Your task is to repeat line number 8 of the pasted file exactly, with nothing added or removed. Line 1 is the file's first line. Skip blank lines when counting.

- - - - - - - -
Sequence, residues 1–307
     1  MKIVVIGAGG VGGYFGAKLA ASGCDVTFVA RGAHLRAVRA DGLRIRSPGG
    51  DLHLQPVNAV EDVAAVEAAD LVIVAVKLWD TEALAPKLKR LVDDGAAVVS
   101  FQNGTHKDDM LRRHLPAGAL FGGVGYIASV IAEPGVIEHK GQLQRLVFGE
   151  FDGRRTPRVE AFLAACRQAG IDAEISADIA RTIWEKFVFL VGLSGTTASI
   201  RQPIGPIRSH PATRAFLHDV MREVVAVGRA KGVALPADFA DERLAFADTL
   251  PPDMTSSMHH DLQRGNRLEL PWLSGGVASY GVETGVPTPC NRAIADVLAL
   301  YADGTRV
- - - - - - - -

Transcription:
   301  YADGTRV